Darrell Scott may wax his lap steel guitar to its most opaque or Byron House may whack his bass guitar into didgeridoo-type drones or Marco Giovino inhabits each cut with on-beat percussion or Patty Griffin and Bekkah Bramlett may sing like spectres on the end of Plant’s lower register or Buddy Miller may manage to wrap it all into nice package with a cute li’l bow n’ all, it still sounds like this is the re-reburnishing of a car marque …
No joke: the first side of this record sucks so bad it ruins the entire album.
Throughout Carry Fire, some coals burn hotter than others, but none flameout. Instead, they move through the skin with the comfort of a warm winter treat, a hot chocolate for the soul.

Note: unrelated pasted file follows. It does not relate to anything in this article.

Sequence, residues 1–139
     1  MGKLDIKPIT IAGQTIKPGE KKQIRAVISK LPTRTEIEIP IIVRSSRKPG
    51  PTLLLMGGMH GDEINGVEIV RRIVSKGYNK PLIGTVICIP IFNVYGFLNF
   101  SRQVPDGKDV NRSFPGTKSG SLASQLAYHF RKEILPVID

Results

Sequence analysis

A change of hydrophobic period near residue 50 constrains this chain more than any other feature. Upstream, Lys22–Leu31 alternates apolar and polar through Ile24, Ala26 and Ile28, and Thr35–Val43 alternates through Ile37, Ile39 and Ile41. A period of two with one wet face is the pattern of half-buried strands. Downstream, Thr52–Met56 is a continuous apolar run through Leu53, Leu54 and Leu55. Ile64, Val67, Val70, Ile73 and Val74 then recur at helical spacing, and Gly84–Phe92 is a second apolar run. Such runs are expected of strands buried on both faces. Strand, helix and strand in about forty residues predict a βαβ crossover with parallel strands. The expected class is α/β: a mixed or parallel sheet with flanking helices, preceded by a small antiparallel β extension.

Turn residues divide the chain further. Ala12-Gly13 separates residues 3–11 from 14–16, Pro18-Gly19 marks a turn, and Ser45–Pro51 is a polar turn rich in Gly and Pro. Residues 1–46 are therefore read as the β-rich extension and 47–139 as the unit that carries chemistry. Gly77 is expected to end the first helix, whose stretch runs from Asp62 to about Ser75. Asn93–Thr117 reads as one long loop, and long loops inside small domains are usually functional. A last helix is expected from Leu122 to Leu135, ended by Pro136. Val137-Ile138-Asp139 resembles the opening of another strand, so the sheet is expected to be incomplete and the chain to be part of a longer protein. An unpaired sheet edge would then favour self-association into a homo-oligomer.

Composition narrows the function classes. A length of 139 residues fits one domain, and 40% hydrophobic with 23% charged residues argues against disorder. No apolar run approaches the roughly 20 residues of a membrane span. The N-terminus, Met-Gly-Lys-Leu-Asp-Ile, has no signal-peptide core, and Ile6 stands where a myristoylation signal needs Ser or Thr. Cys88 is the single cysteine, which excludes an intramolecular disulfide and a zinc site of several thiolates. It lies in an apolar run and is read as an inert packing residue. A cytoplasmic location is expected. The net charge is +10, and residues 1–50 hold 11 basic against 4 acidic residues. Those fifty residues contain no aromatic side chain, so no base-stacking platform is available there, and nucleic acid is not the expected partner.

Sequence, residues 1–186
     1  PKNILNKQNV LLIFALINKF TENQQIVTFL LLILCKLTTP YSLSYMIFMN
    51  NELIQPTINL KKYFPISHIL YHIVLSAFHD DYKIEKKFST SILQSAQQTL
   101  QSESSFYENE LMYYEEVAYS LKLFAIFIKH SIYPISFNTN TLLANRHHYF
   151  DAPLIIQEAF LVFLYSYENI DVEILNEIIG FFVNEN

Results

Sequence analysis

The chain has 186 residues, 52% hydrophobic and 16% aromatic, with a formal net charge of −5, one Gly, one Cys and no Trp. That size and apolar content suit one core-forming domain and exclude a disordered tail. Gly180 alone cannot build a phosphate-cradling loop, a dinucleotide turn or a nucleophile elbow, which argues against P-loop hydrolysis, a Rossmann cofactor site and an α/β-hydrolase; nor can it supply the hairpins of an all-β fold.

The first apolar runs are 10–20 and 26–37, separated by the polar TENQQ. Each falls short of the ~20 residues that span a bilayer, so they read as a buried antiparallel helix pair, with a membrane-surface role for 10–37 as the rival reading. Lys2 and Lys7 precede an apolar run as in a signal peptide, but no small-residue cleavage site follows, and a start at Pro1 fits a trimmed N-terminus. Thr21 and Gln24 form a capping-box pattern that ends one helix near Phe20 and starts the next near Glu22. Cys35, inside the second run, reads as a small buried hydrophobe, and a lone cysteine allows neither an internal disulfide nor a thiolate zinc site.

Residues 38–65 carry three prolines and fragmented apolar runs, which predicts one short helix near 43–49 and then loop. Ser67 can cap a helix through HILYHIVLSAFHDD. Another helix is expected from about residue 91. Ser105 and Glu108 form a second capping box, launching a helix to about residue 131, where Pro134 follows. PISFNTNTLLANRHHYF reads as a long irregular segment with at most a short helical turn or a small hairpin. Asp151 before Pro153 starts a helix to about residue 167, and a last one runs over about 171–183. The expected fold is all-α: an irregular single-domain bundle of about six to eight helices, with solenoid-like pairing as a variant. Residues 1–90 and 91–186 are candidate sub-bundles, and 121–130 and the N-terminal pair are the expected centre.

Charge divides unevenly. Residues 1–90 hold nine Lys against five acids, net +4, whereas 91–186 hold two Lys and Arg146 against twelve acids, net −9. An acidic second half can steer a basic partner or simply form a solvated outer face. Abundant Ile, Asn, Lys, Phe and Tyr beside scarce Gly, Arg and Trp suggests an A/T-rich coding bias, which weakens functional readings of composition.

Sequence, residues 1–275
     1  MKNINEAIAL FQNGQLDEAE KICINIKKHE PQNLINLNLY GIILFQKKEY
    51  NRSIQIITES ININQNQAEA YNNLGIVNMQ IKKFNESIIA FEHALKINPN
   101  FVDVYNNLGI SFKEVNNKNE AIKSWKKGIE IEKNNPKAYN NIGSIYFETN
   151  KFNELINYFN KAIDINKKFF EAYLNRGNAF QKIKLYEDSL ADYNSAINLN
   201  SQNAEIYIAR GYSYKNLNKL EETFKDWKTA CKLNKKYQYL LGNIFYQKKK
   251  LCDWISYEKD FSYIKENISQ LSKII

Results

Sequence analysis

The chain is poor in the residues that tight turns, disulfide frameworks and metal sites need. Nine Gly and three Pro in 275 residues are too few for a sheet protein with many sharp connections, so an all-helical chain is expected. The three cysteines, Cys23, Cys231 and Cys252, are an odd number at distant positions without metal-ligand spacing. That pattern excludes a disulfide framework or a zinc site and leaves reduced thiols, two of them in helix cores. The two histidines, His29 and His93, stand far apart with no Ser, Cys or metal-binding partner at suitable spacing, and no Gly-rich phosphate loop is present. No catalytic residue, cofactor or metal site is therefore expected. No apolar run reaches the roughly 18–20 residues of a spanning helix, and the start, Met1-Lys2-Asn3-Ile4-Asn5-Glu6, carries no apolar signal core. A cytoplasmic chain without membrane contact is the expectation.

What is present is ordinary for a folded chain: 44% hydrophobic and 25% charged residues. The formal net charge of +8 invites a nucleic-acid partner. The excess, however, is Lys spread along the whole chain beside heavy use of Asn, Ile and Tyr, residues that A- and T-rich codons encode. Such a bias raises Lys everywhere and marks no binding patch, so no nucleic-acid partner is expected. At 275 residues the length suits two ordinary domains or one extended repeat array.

Plant’s voice, thus, moved from black women wailing and tall tales of a rambler to the slow, low burning insights of a man who has seen the rock ‘n’ roll world for all it’s worth, all it’s false promise, all it’s real excess.
No Quarter put an end to a Robert's dawdling career. It’s a reenergizing return to roots filled with mixing eastern and western influences, the sweet sound of Page’s guitar and grandiose orchestrations.
Fate of Nations is when the milk sours. It was a throwback to a sound that had accrued exactly zero nostalgia factor. Too late to rock ‘n’ roll, too soon to mystify.
No erratic and lockstep pace holds Manic Nirvana back, instead the Robert Plant express steams forth with no time to lose. In all its manic glory, no less.